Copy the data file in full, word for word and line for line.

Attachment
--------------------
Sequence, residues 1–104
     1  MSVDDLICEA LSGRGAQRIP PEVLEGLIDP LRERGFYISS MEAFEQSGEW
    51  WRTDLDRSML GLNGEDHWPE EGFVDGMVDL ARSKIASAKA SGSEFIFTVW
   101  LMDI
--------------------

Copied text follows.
Sequence, residues 1–104
     1  MSVDDLICEA LSGRGAQRIP PEVLEGLIDP LRERGFYISS MEAFEQSGEW
    51  WRTDLDRSML GLNGEDHWPE EGFVDGMVDL ARSKIASAKA SGSEFIFTVW
   101  LMDI